THE STORY OF how Muslim Albanians saved hundreds of beleaguered Jews during World War II will be explored at Congregation Agudath Israel in Caldwell on Sunday afternoon, May 3.
In addition to an exhibit of striking photographs of rescuers, there will be a screening of the documentary BESA: The Promise and talks by Majlinda Myrto, a Muslim Albanian-American who has worked to promote awareness of this story, and Ferit Hoxha, the permanent representative of Albania to the United Nations. CAI’s Rabbi Alan Silverstein will lead a discussion.
The photographs that will be on display, the work of Jewish-American photographer Norman H. Gershman, are part of a traveling exhibit developed by the Hebrew Union College-Jewish Institute of Religion Museum.
Gershman, who embarked on his project in 2002, told an audience a few years back that he felt compelled to tell the Albanian story in order to counteract pervasive anti-Muslim sentiment. “We have to get the word out to the next generation,” he said. “It’s a paranoia we are witnessing, and we have got to fight it.”
Myrto has worked with him for a number of years, serving as executive director of the Eye Contact Foundation, the organization he set up to distribute the photographs and BESA: The Promise. Myrto’s father was one of the rescuers. Thanks to besa — the Albanians’ code of honor that requires them to provide hospitality and protection to any guest in need — virtually all the country’s 200 Jews and thousands who sought refuge there survived the war.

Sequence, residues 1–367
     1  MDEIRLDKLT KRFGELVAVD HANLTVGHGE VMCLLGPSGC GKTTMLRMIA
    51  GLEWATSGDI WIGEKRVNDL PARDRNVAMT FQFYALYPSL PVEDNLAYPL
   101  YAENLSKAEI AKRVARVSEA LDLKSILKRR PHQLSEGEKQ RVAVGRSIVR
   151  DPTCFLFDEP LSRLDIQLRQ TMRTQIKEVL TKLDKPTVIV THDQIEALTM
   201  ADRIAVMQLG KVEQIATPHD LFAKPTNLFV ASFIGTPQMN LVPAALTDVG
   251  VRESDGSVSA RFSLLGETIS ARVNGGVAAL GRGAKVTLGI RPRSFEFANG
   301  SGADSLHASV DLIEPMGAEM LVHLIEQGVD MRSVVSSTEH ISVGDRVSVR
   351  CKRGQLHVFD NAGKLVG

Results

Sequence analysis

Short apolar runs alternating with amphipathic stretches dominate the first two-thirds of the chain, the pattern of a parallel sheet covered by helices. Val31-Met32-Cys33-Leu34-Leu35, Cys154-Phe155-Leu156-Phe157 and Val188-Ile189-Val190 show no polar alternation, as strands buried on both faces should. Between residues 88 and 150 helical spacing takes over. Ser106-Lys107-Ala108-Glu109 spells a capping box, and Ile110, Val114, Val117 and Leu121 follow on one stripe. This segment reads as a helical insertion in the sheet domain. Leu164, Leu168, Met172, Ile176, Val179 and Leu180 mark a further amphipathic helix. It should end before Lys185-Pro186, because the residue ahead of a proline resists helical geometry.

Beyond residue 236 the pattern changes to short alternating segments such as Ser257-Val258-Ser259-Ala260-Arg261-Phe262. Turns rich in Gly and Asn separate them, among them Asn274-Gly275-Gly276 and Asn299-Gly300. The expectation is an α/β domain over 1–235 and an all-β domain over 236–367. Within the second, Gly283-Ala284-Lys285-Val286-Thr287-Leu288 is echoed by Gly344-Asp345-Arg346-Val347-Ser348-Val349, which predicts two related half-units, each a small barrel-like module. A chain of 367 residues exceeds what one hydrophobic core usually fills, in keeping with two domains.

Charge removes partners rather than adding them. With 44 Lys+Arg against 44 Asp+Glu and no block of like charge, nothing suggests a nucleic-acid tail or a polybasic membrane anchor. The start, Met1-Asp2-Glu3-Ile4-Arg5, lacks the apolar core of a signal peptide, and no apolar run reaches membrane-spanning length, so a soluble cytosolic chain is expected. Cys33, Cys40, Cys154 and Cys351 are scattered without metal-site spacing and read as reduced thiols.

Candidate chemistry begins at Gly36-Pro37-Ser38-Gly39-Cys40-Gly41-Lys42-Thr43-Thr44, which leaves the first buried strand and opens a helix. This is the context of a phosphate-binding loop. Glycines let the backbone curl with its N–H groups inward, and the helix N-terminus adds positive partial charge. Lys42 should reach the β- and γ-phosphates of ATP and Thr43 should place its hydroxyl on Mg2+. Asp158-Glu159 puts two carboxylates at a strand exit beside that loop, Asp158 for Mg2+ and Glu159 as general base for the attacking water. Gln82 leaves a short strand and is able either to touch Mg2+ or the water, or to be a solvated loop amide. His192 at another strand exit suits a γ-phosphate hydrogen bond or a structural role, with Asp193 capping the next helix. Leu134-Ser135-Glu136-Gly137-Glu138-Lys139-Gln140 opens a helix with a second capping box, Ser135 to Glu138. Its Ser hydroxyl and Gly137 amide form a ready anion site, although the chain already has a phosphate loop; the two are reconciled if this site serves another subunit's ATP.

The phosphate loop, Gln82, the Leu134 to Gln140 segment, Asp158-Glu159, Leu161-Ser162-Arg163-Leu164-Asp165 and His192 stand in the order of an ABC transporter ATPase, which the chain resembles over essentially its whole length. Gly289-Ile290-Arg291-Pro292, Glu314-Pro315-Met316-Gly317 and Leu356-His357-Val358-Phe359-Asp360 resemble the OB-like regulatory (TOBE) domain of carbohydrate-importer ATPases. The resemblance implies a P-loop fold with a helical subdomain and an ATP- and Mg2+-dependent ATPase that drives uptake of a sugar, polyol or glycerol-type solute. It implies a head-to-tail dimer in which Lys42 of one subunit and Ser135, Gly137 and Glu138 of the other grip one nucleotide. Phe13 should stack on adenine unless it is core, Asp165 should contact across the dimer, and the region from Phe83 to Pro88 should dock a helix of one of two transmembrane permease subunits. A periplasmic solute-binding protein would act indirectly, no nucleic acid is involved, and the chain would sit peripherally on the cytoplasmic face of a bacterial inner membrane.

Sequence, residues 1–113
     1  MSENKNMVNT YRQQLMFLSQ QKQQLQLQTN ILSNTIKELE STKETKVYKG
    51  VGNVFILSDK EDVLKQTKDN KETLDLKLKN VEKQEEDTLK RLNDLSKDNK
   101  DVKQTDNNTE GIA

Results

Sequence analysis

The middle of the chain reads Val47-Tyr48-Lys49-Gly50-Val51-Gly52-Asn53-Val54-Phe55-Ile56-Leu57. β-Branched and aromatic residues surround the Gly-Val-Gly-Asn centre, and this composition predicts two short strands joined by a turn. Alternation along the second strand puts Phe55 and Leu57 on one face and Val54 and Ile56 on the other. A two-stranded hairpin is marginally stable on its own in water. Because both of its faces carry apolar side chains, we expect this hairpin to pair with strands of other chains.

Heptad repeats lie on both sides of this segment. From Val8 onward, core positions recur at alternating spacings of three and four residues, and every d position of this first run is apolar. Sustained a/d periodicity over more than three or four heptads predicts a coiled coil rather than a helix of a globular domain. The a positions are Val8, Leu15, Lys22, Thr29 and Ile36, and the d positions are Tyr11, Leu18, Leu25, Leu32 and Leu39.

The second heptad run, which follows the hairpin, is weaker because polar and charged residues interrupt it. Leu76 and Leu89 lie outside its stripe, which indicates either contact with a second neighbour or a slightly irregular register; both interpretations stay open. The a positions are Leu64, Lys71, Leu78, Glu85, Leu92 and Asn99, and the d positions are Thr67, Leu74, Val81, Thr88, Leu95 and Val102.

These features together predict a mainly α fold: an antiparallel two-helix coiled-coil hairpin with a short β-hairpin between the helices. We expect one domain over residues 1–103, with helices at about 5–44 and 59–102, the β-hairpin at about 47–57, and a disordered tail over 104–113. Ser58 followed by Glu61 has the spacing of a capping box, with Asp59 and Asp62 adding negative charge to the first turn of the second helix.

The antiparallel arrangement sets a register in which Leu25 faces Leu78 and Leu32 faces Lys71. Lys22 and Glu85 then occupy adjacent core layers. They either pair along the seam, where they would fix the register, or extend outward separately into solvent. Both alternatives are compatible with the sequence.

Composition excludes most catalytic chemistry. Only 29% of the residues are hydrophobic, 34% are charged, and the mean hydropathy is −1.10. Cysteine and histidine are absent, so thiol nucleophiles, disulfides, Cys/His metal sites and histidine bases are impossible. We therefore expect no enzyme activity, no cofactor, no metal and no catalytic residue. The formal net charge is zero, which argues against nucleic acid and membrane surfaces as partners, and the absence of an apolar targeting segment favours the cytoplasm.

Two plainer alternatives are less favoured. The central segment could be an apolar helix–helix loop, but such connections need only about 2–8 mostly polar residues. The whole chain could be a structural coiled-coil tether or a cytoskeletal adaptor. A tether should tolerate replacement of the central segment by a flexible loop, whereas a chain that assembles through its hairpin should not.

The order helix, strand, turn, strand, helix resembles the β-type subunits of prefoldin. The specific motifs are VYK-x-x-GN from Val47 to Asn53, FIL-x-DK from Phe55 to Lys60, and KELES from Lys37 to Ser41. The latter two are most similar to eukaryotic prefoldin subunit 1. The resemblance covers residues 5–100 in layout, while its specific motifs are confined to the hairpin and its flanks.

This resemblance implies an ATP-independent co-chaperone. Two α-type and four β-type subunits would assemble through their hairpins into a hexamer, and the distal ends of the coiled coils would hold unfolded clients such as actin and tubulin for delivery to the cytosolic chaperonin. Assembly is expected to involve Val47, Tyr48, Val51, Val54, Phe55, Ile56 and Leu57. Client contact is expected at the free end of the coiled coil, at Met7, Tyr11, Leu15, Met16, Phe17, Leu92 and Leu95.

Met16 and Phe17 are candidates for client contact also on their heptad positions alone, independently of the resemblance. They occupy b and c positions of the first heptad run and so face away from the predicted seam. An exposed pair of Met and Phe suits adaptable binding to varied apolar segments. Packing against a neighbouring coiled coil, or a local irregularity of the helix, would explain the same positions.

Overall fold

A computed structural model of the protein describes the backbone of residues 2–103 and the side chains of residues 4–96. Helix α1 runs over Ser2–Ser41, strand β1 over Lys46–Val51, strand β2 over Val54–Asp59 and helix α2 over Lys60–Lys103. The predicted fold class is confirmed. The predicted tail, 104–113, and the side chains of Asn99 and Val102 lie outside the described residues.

The documentary, directed by Rachel Goslins, provides another dimension to Gershman’s project, focusing primarily on Rexhep Hoxha, a toy shop owner who sets out to return three precious books to the last surviving member of the Jewish family his father had sheltered 60 years before. When he finally meets the family involved, a personal drama is set in motion that bridges generations and religions, uniting fathers and sons on both sides.
Gershman’s photos have been compiled in the book BESA: Muslims who Saved Jews in World War II. The exhibit of photos and text from the book has been exhibited internationally, including at Yad Vashem and the United Nations.